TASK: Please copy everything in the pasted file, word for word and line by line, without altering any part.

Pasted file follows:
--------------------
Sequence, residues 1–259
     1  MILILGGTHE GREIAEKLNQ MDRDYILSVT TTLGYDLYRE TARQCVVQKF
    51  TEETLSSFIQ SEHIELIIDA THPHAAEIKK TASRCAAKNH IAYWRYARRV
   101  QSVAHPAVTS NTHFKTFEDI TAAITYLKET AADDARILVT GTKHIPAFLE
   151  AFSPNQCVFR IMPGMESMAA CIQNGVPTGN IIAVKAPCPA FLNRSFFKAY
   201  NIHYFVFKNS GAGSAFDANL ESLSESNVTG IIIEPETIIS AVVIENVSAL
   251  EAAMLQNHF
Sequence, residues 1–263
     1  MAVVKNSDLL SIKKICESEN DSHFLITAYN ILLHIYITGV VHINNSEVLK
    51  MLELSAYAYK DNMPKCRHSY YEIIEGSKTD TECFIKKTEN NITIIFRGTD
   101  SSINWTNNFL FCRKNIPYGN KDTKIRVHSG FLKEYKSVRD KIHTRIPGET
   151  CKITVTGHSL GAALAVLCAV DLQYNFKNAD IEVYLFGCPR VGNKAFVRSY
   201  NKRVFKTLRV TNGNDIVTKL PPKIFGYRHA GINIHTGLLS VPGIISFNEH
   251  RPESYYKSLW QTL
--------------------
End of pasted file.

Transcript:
Sequence, residues 1–259
     1  MILILGGTHE GREIAEKLNQ MDRDYILSVT TTLGYDLYRE TARQCVVQKF
    51  TEETLSSFIQ SEHIELIIDA THPHAAEIKK TASRCAAKNH IAYWRYARRV
   101  QSVAHPAVTS NTHFKTFEDI TAAITYLKET AADDARILVT GTKHIPAFLE
   151  AFSPNQCVFR IMPGMESMAA CIQNGVPTGN IIAVKAPCPA FLNRSFFKAY
   201  NIHYFVFKNS GAGSAFDANL ESLSESNVTG IIIEPETIIS AVVIENVSAL
   251  EAAMLQNHF
Sequence, residues 1–263
     1  MAVVKNSDLL SIKKICESEN DSHFLITAYN ILLHIYITGV VHINNSEVLK
    51  MLELSAYAYK DNMPKCRHSY YEIIEGSKTD TECFIKKTEN NITIIFRGTD
   101  SSINWTNNFL FCRKNIPYGN KDTKIRVHSG FLKEYKSVRD KIHTRIPGET
   151  CKITVTGHSL GAALAVLCAV DLQYNFKNAD IEVYLFGCPR VGNKAFVRSY
   201  NKRVFKTLRV TNGNDIVTKL PPKIFGYRHA GINIHTGLLS VPGIISFNEH
   251  RPESYYKSLW QTL